North Yard Mechanics Stand Next to Palo Alto VA Bus
VTA Mechanics Support Fellow Veterans through VA Bus Maintenance
VTA Mechanics working on a VA bus

Many of the mechanics stationed at VTA’s North Yard maintenance facility have evolved their careers in public service over the years. Some, like Maintenance Superintendent Jay Petty, got their start in the armed forces. Now, he and his team (many of whom are also veterans) fix more than just public transit buses.

For more than five years, these mechanics have also been maintaining a small hybrid bus fleet for the Department of Veterans Affairs (VA) Palo Alto Health Care System. The VA’s fleet serves as an interfacility shuttle service, operating over 1,000 roundtrip rides per week for Veterans traveling to medical services in the South Bay, East Bay, and on the Peninsula. While no longer on the battlefield, former service members at VTA are once again getting to help their fellow veterans through the work they do to keep the South Bay moving.

North Yard Maintenance Superintendent Jay Petty
North Yard Maintenance Superintendent, Jay Petty

The story behind this partnership began in May 2015, when the U.S. General Services Administration (GSA) reached out to Petty about the potential for a maintenance partnership. (A little background – the GSA manages procurement and maintenance for federally operated vehicles, including the VA’s bus fleet). The GSA had just purchased its fleet of four BAE hybrid-powered 40-foot New Flyer buses with a one-year maintenance warranty, after which time any repairs would have become much more costly if performed by the manufacturer. Aside from BAE, no other maintenance facility in the Bay Area, at that time, had experience working on this type of bus… no one except VTA.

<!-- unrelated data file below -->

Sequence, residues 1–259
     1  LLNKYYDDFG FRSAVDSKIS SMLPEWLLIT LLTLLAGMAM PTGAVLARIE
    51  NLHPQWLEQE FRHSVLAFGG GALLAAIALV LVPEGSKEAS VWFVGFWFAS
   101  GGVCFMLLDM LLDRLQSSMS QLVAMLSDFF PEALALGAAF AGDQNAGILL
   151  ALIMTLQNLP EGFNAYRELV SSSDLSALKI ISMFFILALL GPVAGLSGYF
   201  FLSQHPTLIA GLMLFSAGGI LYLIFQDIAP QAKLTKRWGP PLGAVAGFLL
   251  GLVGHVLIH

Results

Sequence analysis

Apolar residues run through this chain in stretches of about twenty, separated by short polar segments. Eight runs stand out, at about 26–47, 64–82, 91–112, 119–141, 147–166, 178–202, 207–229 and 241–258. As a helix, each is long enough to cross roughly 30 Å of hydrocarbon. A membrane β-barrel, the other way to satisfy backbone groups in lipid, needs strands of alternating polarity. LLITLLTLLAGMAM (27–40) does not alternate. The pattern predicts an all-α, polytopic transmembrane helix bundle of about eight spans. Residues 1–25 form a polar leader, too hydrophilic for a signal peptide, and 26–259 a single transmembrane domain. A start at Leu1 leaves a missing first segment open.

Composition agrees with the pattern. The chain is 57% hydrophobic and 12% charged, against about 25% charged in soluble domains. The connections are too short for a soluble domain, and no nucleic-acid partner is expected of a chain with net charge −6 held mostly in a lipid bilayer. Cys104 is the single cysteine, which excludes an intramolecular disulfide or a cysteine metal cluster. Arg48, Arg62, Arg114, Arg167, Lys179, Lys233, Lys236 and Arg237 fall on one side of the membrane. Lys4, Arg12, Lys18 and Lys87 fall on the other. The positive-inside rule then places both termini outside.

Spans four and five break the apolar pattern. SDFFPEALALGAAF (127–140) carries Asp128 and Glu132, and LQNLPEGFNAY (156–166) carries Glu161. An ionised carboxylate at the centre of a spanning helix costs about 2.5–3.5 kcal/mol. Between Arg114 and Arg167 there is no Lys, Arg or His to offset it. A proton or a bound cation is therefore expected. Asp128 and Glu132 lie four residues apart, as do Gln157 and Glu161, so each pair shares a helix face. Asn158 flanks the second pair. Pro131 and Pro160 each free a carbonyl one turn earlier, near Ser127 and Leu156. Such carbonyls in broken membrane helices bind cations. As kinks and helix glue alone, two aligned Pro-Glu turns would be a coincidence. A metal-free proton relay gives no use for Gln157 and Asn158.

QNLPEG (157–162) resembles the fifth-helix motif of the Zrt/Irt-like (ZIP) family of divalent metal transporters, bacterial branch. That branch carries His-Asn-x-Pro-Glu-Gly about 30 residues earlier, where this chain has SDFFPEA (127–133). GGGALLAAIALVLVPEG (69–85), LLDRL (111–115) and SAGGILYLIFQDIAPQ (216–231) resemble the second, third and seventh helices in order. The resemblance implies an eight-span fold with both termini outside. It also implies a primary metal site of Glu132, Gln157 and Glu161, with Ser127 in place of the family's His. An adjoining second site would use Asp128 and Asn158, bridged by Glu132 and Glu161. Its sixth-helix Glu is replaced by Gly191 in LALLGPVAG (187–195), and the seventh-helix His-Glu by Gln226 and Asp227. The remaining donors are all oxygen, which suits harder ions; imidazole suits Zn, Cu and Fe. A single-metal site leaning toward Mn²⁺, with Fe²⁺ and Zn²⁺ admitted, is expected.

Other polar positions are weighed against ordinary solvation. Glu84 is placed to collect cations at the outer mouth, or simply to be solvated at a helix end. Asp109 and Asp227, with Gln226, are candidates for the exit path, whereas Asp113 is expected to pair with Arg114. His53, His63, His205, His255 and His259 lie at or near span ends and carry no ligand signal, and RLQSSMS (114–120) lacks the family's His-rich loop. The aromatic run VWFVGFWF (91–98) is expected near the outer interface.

VTA purchased similar BAE-powered New Flyers in 2014, which apply essentially the same maintenance principles. Faced with the looming cost of keeping its vehicles in good working order, the GSA asked VTA for help.

“We were all in,” explained Petty. “Both our Chief Operating Officer (at the time, Michael Hursh) and I are veterans, so we jumped at the chance to help the VA.”

On June 2, 2016, the GSA and VTA officially entered into a non-profit preventative maintenance agreement. Today, the VA (and taxpayers) continue to benefit from paying for services at cost, while VTA’s mechanics gained a head start in learning how to perform various maintenance tasks on our own New Flyer hybrids.

“VTA purchased its BAE hybrids with a three-year warranty, rather than the one-year plan purchased for the VA’s fleet,” Petty recounted. Normally, VTA’s mechanics wouldn’t begin training for certain repairs until the warranty expiration approaches. With a small fleet of similar buses needing those projects done sooner, maintenance teams got a head start learning mechanical procedures on just a couple of vehicles before tackling dozens of VTA’s own BAE hybrid-powered buses.

“It saves a lot of time once we’re ready to ramp up maintenance on those hybrids after BAE’s warranty expires,” explained Petty. This allows the mechanics to get a more in-depth understanding of maintenance procedures and supplements training through VTA’s Training Department.

This partnership is more than just a cost-effective maintenance solution. It means something special to the mechanics, many of whom are veterans themselves. Petty spent 11 years in the U.S. Army, including three tours in the Gulf War for the 101st Airborne Division.

“It’s an honor to be able to do this for the VA,” said Petty. “We treat it as such because of the purpose that bus serves.”

VA Bus

We are proud of the Veterans in our VTA Family, including the following mechanics who help maintain the VA’s bus fleet at North Yard:

Jay Petty
US Army
Staff Sergeant

John D. Rolland
US Air Force

Skip Mallory
US Army

Marius Tapiador
US Navy
Petty Officer 1st Class "Retired"

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